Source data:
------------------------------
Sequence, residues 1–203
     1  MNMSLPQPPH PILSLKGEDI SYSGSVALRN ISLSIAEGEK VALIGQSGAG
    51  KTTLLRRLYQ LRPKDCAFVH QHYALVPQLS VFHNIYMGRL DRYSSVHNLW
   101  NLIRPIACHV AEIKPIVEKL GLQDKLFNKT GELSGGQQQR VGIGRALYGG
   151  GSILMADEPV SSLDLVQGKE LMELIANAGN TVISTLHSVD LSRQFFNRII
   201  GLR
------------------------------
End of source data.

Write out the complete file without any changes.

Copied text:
Sequence, residues 1–203
     1  MNMSLPQPPH PILSLKGEDI SYSGSVALRN ISLSIAEGEK VALIGQSGAG
    51  KTTLLRRLYQ LRPKDCAFVH QHYALVPQLS VFHNIYMGRL DRYSSVHNLW
   101  NLIRPIACHV AEIKPIVEKL GLQDKLFNKT GELSGGQQQR VGIGRALYGG
   151  GSILMADEPV SSLDLVQGKE LMELIANAGN TVISTLHSVD LSRQFFNRII
   201  GLR